Lonnie told authorities that perhaps Micki had been tipsy from the wine they’d had that night and had stumbled overboard. He also suggested she had a history of depression and perhaps she’d taken her own life. It was a suggestion that her family strongly denied.
On 28 May, the crew of a research vessel discovered Micki’s body floating off the Italian coast. She was dressed in a blue T-shirt and green pyjama bottoms. Lonnie returned to the US and news of Micki’s tragic drowning spread, but an autopsy revealed something unusual.
It revealed that Micki’s lungs were “completely free of water” meaning when she hit the water, she wasn’t breathing. She also had severe haemorrhaging around her neck – which was consistent with strangulation – and a skull fracture.
Investigators determined that Micki had been killed and thrown off the ship – and Lonnie was the prime suspect.
On his return to the US, Lonnie sought comfort back in the arms of his third wife Amy. She would later tell authorities that when Lonnie had left her the first time to return to Micki, he’d insisted he still loved Amy and didn’t want to leave her.
So why had he gone back? The FBI believed it was to secure the money he desperately wanted and to put the terrible plan in motion.
Lonnie had picked an unusual cruise for Americans as it involved a flight to Minnesota and on to London before travelling to board the ship to Spain. The travel agent was concerned because it was a lot of effort to holiday on a “no-frills” converted trip, but Lonnie had insisted it was perfect and noted it was important that they had a balcony room.
The ship also had a clear drop down to the sea from every room, which was unusual – the FBI believed that Lonnie had gone out of his way to find a ship like this. Before the trip, Lonnie had even asked a friend and retired cop about the security on cruise ships, such as CCTV cameras.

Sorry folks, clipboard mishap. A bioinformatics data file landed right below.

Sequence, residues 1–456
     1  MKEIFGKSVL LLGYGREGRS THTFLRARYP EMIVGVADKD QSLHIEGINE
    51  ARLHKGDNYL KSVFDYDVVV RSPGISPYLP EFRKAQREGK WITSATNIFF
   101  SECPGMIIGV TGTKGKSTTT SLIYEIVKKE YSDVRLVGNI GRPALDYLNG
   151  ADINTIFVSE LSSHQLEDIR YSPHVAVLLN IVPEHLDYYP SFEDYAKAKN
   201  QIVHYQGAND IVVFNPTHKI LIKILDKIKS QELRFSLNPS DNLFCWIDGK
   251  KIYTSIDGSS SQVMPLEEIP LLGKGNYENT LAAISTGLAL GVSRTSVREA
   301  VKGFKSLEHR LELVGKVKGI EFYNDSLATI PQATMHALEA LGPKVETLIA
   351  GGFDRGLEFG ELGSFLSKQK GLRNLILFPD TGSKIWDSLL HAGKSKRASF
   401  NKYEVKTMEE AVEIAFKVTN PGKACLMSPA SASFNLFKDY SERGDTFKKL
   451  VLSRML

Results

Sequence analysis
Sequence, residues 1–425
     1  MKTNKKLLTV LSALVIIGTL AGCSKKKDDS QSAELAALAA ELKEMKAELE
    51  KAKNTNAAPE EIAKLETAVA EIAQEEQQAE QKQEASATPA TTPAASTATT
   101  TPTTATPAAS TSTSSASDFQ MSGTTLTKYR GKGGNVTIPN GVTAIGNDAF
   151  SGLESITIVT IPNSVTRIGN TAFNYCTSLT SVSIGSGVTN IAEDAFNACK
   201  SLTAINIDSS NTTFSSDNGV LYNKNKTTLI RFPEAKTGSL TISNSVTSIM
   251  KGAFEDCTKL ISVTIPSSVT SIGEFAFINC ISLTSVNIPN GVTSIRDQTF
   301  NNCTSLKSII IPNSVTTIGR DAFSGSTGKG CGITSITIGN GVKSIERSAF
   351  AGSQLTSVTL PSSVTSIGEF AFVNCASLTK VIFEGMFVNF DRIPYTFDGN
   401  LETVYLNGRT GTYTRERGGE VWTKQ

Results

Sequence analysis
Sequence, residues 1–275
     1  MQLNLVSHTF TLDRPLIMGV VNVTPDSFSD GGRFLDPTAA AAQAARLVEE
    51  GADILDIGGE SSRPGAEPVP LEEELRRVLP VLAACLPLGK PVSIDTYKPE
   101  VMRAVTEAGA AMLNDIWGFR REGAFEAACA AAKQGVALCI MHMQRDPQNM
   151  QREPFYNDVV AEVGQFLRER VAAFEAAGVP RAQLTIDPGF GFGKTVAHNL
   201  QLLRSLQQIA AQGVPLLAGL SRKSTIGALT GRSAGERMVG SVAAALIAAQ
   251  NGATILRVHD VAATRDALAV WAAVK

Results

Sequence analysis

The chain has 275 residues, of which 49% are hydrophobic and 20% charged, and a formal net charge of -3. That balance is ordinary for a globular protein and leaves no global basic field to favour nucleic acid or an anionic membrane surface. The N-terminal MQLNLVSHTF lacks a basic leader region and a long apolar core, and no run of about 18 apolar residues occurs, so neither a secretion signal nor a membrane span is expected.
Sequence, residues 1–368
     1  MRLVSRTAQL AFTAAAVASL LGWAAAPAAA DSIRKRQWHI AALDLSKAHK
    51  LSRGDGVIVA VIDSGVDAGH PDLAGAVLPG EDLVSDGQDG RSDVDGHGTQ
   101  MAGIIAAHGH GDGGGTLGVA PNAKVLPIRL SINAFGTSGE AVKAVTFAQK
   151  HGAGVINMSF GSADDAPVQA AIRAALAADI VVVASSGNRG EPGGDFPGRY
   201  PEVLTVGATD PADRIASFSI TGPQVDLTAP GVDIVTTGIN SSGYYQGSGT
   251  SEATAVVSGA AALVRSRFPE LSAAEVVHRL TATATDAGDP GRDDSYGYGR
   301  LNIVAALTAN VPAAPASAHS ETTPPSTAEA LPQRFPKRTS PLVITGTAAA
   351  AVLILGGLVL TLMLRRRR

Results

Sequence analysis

Now Micki was dead, Lonnie inherited more than $1 million from the combined money in their bank accounts and the sale of the Ladera Ranch house that Micki had been so reluctant to sell.
The FBI did investigate, but they lacked the evidence to charge him. Lonnie went under scrutiny when he tried to move money between accounts.
Rotten to the core
By 2013, Lonnie had left Amy, had married and divorced a fourth wife and was living in Safety Harbor, Florida. It was then that Amy went to the police and said she’d been afraid of Lonnie but she wanted to tell the truth.
She said Lonnie had told her that he’d asked someone to come on the cruise and kill his wife in return for money, but they’d not gone.
Amy also admitted she had got rid of a computer hard drive that had evidence on because Lonnie
had told her to and she was frightened of what might happen if she didn’t. Amy agreed to testify against her former husband.
Finally, seven years after Micki’s death, Lonnie was arrested and charged with murder. While in prison, an inmate claimed Lonnie came to him and attempted to solicit the murder of Amy to stop her from testifying against him.
The trial was delayed due to legal problems with Micki’s death taking place in international waters, although finally it was determined that the planning had been done in California, so the trial could be held there.